First person - We are entering the seventh year of Australia's inhuman offshore detention policy that has sought to destroy all of us who were transported to Manus and Nauru and has left us without hope.
When we decided to risk our lives and leave our home countries, it was because we had no choice. We knew that we were risking our lives, but if we had stayed in our homes then we were risking torture and even death. We believed Australia would be a safe haven for us. We thought that it was committed to its international obligations under the United Nations Refugee Convention.
We thought Australia respected human rights. But after six years in indefinite detention in PNG, in horrific living conditions, and after the deaths of 12 fellow refugees, we know that we were mistaken. We have no chance of safety and freedom. My fellow refugees and I are being punished for nothing but seeking protection.
When I arrived on Manus six years ago, Australian officials said I had to go through PNG's refugee claim and resettlement process. They told me that it would take three to five years. Now I am in my seventh year of incarceration. What kind of unjust and uncertain system is this?
Throughout our detention we have tried to make our voices heard in order to explain the miseries forced on us. Sadly, people refuse to listen. When we were transported to Manus we were healthy and fit, but after so many years of what writer Behrouz Boochani has identified as "systematic torture", the lack of medical care and desperation have completely destroyed us.
We are mentally and physically sick, and our names have been taken from us and replaced with numbers. We have forgotten our talents, our passions and our abilities. We hardly recognise ourselves. While we could have been contributing to a community or moving forward with lives, families and jobs, we have instead spent six years wasting our talents and dreams. Most devastating of all, 12 innocent lives have been lost forever.
Why does the Australian government continue with this life-destroying detention policy? Because we refugees have become commercial commodities for local and international companies, profiting from our miserable situation. 'Stopping the boats' and 'protecting borders' are now commercial activities. Stopping the boats is merely a ruse. Even though 75 percent of us detained since 2013 have been removed from offshore detention, the boats have still not come.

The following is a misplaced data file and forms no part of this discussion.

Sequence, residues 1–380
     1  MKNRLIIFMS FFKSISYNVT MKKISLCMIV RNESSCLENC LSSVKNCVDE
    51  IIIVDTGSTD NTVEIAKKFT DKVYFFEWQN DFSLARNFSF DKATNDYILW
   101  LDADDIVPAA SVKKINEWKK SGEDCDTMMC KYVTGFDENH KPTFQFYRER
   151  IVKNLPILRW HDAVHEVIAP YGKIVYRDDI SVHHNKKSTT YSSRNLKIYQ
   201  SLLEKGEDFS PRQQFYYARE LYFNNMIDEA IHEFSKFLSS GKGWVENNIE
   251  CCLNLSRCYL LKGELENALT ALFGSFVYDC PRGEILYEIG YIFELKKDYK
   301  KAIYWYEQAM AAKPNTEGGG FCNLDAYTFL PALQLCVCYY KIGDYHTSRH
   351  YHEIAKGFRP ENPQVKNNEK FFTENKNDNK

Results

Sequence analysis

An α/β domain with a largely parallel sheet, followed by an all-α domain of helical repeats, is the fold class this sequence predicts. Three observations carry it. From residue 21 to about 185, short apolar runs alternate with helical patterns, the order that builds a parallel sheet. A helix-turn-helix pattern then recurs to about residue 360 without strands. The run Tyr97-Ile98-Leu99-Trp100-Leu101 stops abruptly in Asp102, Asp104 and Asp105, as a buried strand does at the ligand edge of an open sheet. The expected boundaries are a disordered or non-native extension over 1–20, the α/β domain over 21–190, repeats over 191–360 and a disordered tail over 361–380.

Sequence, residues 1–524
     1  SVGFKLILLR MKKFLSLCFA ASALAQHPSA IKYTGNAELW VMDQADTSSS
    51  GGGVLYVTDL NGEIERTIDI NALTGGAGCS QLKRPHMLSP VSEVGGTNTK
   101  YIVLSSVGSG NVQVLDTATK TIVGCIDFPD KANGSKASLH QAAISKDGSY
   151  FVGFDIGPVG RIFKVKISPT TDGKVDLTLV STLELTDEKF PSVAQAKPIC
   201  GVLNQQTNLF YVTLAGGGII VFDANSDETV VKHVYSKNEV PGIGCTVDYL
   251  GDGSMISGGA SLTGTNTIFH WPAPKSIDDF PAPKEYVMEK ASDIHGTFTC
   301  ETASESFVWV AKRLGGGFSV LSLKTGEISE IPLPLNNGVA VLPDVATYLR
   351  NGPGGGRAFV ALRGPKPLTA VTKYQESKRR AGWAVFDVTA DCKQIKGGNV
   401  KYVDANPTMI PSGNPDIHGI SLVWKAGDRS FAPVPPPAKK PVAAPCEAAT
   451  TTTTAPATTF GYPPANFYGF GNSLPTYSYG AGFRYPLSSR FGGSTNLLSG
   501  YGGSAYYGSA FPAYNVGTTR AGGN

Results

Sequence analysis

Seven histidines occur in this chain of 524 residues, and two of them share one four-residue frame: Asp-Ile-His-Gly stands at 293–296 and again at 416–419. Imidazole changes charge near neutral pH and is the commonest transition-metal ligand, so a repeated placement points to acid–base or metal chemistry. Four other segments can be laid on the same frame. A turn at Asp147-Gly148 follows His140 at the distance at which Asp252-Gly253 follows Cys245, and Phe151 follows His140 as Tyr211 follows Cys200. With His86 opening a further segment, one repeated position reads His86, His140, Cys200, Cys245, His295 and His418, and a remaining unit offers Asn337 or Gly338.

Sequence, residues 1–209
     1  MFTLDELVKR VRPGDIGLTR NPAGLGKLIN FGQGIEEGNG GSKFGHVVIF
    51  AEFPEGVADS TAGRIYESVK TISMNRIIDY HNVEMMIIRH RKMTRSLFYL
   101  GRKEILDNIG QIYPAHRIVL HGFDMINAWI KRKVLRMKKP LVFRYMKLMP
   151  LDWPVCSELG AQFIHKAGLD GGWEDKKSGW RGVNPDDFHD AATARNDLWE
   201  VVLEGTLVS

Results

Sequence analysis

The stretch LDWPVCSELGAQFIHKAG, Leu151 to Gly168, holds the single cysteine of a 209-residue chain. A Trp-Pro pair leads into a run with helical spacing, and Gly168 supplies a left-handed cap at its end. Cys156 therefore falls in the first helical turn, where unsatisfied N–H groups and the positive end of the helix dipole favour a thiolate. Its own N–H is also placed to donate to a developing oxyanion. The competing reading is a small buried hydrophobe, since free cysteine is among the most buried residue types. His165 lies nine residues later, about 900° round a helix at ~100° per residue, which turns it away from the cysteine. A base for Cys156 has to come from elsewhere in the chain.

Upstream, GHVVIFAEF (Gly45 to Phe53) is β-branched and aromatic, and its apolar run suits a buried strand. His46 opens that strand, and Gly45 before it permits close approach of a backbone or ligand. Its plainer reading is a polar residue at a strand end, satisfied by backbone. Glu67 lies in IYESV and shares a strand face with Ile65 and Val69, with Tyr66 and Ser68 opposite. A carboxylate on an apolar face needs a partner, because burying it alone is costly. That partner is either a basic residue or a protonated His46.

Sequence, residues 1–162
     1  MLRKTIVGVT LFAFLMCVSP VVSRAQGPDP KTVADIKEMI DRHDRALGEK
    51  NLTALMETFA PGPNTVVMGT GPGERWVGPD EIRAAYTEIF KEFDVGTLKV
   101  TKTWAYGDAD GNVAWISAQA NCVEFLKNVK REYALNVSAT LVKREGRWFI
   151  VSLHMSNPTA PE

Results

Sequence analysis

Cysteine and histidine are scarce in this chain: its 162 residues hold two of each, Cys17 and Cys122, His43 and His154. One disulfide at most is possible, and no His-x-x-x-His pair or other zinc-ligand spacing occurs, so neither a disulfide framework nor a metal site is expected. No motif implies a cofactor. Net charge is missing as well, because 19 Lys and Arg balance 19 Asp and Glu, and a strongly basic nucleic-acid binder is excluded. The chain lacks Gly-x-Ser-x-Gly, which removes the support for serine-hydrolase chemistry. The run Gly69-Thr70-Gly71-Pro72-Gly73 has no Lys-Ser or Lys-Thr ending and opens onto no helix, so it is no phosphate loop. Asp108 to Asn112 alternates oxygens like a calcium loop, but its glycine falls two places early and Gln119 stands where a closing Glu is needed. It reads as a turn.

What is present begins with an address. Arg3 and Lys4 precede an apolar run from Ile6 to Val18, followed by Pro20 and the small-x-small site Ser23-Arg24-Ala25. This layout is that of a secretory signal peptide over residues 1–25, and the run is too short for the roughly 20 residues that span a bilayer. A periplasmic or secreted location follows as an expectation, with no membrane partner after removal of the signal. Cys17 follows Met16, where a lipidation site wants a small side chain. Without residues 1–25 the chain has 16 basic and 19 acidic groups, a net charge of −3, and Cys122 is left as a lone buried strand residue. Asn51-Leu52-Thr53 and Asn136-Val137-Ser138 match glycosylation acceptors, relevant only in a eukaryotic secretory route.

The government is trying to defeat the life-saving Medevac legislation that brings desperately sick refugees to Australia for proper medical treatment. The refugees were made sick by the Australian government because they have been kept indefinitely as hostages. The Australian government forces us to languish here even though they can immediately find a durable solution for us.
The government of New Zealand has offered to take 150 of us each year, but Australia says "no". They say they fear that we will still try to come to Australia. If that is the case, why has Australia not sought durable solutions with other countries that freely welcome the contributions of refugees, such as Canada?
On this six-year anniversary of the offshore detention policy it's time for Australians to think about why they allow their government to spend their tax dollars to keep these camps occupied. It doesn't matter whether you support refugees or not, it is your money that is being wasted.
On this day all of us who remain incarcerated on Manus and Nauru ask Australians to imagine themselves in our position. Have we been given a fair go? Can Australia claim to be a humanitarian country? If you can turn a blind eye towards our treatment, isn't it your own humanity that is lost?
As we step into the seventh year of this inhuman offshore detention policy, we call on those countries that respect human rights and belong to the UN Refugee Convention to defend the rights of women and men on Manus and Nauru, people whose rights continue to be denied.
*Shaminda Kanapathi is in offshore detention on Papua New Guinea's Manus Island